Association between physical activity and risk of hepatobiliary cancers: A multinational cohort study

Sebastian E. Baumeister, Sabrina Schlesinger, Krasimira Aleksandrova, Carmen Jochem, Mazda Jenab, Marc J. Gunter, Kim Overvad, Anne Tjønneland, Marie Christine Boutron-Ruault, Franck Carbonnel, Agnès Fournier, Tilman Kühn, Rudolf Kaaks, Tobias Pischon, Heiner Boeing, Antonia Trichopoulou, Christina Bamia, Carlo La Vecchia, Giovanna Masala, Salvatore PanicoFrancesca Fasanelli, Rosario Tumino, Sara Grioni, Bas Bueno de Mesquita, Roel Vermeulen, Anne M. May, Kristin B. Borch, Sunday O. Oyeyemi, Eva Ardanaz, Miguel Rodríguez-Barranco, María Dolores Chirlaque López, Mireia Felez-Nobrega, Emily Sonestedt, Bodil Ohlsson, Oskar Hemmingsson, Mårten Werner, Aurora Perez-Cornago, Pietro Ferrari, Magdalena Stepien, Heinz Freisling, Konstantinos K. Tsilidis, Heather Ward, Elio Riboli, Elisabete Weiderpass, Michael F. Leitzmann

Research output: Contribution to journalArticlepeer-review


Background & Aims: To date, evidence on the association between physical activity and risk of hepatobiliary cancers has been inconclusive. We examined this association in the European Prospective Investigation into Cancer and Nutrition cohort (EPIC). Methods: We identified 275 hepatocellular carcinoma (HCC) cases, 93 intrahepatic bile duct cancers (IHBCs), and 164 non-gallbladder extrahepatic bile duct cancers (NGBCs) among 467,336 EPIC participants (median follow-up 14.9 years). We estimated cause-specific hazard ratios (HRs) for total physical activity and vigorous physical activity and performed mediation analysis and secondary analyses to assess robustness to confounding (e.g. due to hepatitis virus infection). Results: In the EPIC cohort, the multivariable-adjusted HR of HCC was 0.55 (95% CI 0.38–0.80) comparing active and inactive individuals. Regarding vigorous physical activity, for those reporting >2 hours/week compared to those with no vigorous activity, the HR for HCC was 0.50 (95% CI 0.33–0.76). Estimates were similar in sensitivity analyses for confounding. Total and vigorous physical activity were unrelated to IHBC and NGBC. In mediation analysis, waist circumference explained about 40% and body mass index 30% of the overall association of total physical activity and HCC. Conclusions: These findings suggest an inverse association between physical activity and risk of HCC, which is potentially mediated by obesity. Lay summary: In a pan-European study of 467,336 men and women, we found that physical activity is associated with a reduced risk of developing liver cancers over the next decade. This risk was independent of other liver cancer risk factors, and did not vary by age, gender, smoking status, body weight, and alcohol consumption.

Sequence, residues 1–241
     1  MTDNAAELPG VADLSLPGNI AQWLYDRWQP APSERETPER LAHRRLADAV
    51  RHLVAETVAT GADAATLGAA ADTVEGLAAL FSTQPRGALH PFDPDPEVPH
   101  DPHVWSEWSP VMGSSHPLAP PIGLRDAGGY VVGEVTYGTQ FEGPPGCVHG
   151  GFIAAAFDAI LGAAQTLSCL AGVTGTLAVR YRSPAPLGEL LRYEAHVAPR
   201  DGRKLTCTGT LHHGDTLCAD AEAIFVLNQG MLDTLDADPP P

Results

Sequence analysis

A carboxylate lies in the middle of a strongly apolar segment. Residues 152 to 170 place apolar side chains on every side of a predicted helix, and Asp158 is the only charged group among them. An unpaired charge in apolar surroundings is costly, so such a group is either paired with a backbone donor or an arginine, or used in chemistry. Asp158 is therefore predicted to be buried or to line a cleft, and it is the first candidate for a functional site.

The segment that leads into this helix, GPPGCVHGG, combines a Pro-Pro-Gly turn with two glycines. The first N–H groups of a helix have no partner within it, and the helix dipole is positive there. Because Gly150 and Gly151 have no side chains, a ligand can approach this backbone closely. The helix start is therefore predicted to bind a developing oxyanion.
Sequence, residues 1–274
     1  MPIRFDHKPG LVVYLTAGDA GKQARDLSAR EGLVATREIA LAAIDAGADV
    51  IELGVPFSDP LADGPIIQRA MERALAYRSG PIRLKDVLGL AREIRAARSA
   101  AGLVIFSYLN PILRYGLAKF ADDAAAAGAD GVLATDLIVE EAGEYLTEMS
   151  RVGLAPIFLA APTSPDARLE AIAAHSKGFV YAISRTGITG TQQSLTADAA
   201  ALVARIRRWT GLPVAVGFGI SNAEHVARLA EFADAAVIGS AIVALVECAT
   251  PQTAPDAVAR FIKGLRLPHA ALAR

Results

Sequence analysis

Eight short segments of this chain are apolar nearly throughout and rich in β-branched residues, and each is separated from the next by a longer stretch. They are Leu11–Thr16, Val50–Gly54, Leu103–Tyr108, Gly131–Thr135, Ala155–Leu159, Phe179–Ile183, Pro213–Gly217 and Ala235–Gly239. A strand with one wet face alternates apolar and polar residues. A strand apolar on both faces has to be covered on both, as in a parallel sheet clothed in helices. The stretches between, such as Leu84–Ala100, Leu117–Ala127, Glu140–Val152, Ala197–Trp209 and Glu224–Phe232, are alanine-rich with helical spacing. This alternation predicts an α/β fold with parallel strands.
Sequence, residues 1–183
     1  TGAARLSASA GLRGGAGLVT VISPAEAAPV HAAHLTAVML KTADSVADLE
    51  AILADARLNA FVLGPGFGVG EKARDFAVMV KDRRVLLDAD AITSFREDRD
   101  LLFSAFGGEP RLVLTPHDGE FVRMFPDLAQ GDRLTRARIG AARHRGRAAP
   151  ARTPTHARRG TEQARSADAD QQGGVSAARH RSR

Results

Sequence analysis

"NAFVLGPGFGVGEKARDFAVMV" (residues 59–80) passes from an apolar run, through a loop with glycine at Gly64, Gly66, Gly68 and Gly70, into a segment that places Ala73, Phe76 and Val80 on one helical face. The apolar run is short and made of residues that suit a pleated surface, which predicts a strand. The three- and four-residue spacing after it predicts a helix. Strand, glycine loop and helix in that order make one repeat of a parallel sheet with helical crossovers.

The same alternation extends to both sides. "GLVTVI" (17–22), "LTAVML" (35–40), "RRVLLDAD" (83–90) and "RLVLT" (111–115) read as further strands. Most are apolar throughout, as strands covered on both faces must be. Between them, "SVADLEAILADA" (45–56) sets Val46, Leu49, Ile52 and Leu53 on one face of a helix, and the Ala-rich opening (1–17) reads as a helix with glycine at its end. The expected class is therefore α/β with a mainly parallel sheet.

Original languageEnglish
Pages (from-to)885-892
Number of pages8
JournalJournal of Hepatology
Issue number5
Publication statusPublished - May 2019


  • Hepatobiliary cancer
  • Hepatocellular carcinoma
  • Liver cancer
  • Physical activity

ASJC Scopus subject areas

  • Hepatology


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